Recognizing Migrant Workers’ Contributions

By Caleb Sanders

While working for KAN, I participated in various fundraising activities. Through
talking with many people about the situation of migrant workers in Kuwait and how we
can help them, I have realized that a significant contributor to the corruption of the
Kafala system is a lack of education about the situation of migrant workers in Kuwait.
Many people will shut down the conversation when they hear ‘Kuwait’ because they
think Kuwait is one of the wealthiest countries in the world. Well, yes, it is, but members
of the community in Canada don’t see that it is such a prosperous country on the backs
of many suffering migrant workers who work shifts double the length and double the
effort put in for a fraction of the salary. The saddest part is that not only do the Kuwaiti
nationals benefit from the underpaying and mistreatment of migrant workers but so do
the rest of the world. In my opinion, this is why the issue is often overlooked and
conversations are suppressed. Not only should we take time to educate ourselves on
the systems that are meant to oppress migrant workers, but we should also look at how
much they have done for Kuwait as a country to make it so wealthy and beautiful, as
well as all the direct and indirect rewards we reap from their tireless efforts to work hard
and provide.

An example of how migrant workers improve the quality of life for Kuwaiti
nationals is domestic workers who travel from a different country of origin to live with
their Kuwaiti employers and care for them. These domestic workers cook, clean, care
for their employer’s children and pets and do their other daily tasks. This specific job is
often under-appreciated, and domestic workers are exploited even further than the legal
system condones more regularly than other migrant workers. This is because the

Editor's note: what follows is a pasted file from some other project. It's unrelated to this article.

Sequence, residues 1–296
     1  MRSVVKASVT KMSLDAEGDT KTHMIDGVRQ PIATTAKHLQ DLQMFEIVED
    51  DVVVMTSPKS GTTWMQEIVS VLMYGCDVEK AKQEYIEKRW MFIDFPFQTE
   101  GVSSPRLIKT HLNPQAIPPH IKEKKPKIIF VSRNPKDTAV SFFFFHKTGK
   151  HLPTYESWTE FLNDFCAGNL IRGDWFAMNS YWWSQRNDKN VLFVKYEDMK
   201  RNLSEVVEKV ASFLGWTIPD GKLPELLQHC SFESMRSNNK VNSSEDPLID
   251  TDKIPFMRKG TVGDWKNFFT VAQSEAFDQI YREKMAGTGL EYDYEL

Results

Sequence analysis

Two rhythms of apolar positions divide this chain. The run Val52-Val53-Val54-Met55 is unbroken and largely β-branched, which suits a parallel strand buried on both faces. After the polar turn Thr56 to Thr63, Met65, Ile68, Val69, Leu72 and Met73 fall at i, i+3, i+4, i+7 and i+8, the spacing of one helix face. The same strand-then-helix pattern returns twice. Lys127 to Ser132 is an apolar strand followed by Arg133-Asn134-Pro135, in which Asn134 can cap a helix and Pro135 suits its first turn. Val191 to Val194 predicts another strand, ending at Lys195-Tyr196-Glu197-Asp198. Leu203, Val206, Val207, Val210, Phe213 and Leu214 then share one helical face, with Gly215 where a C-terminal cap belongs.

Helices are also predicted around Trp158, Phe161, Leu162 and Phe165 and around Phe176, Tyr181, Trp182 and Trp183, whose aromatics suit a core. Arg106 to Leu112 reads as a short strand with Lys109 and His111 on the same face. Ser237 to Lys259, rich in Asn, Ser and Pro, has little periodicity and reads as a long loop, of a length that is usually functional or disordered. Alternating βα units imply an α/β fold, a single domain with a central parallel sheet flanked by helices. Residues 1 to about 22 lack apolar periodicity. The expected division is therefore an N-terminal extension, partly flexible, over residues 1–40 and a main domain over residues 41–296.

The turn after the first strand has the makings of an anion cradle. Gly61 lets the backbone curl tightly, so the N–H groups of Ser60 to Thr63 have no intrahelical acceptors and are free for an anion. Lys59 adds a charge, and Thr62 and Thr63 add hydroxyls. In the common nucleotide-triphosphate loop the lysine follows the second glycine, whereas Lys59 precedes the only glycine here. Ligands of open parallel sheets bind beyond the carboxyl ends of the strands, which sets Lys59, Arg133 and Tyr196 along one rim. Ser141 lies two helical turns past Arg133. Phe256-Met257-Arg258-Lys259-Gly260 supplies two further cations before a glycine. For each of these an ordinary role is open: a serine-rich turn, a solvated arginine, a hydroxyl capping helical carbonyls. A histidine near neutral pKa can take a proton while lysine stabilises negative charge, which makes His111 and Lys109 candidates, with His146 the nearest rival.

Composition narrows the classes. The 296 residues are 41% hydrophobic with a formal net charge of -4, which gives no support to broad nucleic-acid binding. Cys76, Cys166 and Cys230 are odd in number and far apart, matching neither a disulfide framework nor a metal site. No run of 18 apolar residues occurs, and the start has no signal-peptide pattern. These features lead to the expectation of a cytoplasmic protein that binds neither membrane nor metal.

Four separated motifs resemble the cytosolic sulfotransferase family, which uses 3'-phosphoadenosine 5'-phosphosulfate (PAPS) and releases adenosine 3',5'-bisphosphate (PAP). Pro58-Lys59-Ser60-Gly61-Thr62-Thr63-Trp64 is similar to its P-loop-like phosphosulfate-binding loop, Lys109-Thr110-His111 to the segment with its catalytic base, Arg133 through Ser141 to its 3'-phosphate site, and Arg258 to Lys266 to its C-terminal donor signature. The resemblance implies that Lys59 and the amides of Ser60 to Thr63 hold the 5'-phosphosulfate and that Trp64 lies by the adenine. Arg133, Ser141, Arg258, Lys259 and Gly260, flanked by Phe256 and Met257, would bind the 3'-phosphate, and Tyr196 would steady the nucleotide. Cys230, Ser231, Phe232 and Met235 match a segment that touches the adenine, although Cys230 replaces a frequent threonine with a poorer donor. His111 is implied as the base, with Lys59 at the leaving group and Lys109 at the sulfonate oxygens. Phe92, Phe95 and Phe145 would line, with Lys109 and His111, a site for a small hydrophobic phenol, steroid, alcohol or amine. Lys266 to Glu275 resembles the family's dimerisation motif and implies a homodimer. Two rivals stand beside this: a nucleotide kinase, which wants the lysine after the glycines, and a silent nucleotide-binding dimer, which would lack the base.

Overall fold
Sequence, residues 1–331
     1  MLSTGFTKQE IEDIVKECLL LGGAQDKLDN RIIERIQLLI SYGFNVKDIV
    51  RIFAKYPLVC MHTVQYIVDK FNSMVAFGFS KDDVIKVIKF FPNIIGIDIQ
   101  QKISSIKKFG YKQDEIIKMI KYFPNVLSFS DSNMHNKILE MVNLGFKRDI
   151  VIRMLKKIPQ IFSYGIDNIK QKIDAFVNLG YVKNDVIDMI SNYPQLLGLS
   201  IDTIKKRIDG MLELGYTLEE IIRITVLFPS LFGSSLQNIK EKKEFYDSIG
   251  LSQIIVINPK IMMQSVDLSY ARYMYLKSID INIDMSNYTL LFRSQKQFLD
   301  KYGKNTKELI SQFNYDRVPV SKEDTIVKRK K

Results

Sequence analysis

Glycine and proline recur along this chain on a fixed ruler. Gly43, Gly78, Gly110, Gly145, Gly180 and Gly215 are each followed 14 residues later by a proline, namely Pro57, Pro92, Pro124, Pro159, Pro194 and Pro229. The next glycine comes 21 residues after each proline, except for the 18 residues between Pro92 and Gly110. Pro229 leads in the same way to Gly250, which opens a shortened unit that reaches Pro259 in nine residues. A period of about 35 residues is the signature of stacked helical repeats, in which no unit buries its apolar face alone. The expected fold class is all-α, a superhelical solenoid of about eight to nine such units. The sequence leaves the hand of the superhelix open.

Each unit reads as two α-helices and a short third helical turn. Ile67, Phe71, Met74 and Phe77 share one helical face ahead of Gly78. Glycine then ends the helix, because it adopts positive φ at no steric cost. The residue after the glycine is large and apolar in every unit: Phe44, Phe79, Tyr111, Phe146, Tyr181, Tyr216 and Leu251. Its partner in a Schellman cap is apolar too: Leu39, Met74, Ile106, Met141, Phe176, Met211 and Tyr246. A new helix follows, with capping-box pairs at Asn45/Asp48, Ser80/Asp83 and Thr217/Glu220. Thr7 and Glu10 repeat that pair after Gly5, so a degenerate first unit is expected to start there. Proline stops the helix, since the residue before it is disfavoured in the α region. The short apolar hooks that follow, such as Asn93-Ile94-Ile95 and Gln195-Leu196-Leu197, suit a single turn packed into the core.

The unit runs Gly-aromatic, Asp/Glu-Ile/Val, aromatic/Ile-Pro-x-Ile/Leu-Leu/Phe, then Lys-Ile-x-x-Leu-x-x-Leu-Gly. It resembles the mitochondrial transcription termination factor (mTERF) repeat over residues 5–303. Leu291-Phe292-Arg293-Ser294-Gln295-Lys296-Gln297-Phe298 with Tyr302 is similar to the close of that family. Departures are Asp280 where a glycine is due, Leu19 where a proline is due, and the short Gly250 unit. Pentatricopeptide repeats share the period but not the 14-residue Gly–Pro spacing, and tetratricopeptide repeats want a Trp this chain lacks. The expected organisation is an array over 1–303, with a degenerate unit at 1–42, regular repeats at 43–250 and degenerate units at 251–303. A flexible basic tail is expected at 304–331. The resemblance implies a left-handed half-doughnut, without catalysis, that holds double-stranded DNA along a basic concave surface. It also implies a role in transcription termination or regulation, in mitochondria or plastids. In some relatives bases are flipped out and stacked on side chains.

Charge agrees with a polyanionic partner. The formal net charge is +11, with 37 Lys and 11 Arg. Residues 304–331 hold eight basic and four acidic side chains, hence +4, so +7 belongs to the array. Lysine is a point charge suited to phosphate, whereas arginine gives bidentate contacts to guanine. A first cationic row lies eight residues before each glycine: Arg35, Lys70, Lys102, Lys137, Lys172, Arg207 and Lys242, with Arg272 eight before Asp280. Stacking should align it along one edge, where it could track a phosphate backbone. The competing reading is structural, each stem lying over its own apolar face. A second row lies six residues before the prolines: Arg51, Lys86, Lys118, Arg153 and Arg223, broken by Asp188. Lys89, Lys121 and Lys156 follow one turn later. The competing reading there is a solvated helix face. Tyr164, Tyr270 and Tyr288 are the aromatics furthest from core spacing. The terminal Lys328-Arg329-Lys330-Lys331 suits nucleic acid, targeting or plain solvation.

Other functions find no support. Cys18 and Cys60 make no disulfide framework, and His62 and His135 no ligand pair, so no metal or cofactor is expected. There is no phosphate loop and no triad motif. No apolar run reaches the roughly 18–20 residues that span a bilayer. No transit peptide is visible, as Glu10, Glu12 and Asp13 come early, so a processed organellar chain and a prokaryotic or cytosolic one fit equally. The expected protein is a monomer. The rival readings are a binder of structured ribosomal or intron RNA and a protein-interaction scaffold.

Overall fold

systems in place that are supposed to check in and monitor the situation of domestic
workers do not do a good enough job, and many cases of abuse and unfair treatment
are left unnoticed. Changing the way we protect migrant workers, and especially
domestic workers, is vital to make sure that their human rights are being met and their
safety and health are also being looked after. However, more than just rules must be
altered to make this systematic change. Kuwaiti nationals also must collectively start
perceiving and treating migrant workers as real human beings and not just tools at their
disposal. This will not be as easy said than done as the dehumanization of migrant
workers is deeply rooted in the region’s history.

I believe that an effective way of welcoming migrant workers into Kuwaiti culture
is to first apologize for the wrongdoings that have previously gone on and admit to
things that may not have even been publicized. This will create a vulnerable state for the country and its citizens emotionally, which will be a struggle but also the perfect
place to start improving. Another way I think the negative preconceptions about migrant
workers can be altered is by gratitude and not just guilt and apologies. Gratitude is a
powerful emotion and often also makes us feel more connected. Migrant workers in
Kuwait largely populate various industries like oil, construction, domestic, cleaners, and
transportation. Kuwait would not survive without many of these industries, but working
these jobs is difficult. These are jobs that nationals do not want to do, so migrant
workers do them for very little pay and in very uncomfortable or even unlivable
conditions. Listen to their story, learn something new, and cherish that knowledge as
you would from somebody you value highly. This will break down the barriers between
Kuwaiti nationals and migrant workers in the short and long term, giving migrant workers
the voice that they so desperately need. If only an act of appreciation made it back to
the migrant workers that they deserve, I believe some empathy may help spark a
change. It makes it hard to help and treat people properly if you don’t see them as
people and ignore their contributions to society.

The views and opinions expressed in this article are those of the authors and do not necessarily reflect the views of Canada Kuwait Aid Network.”

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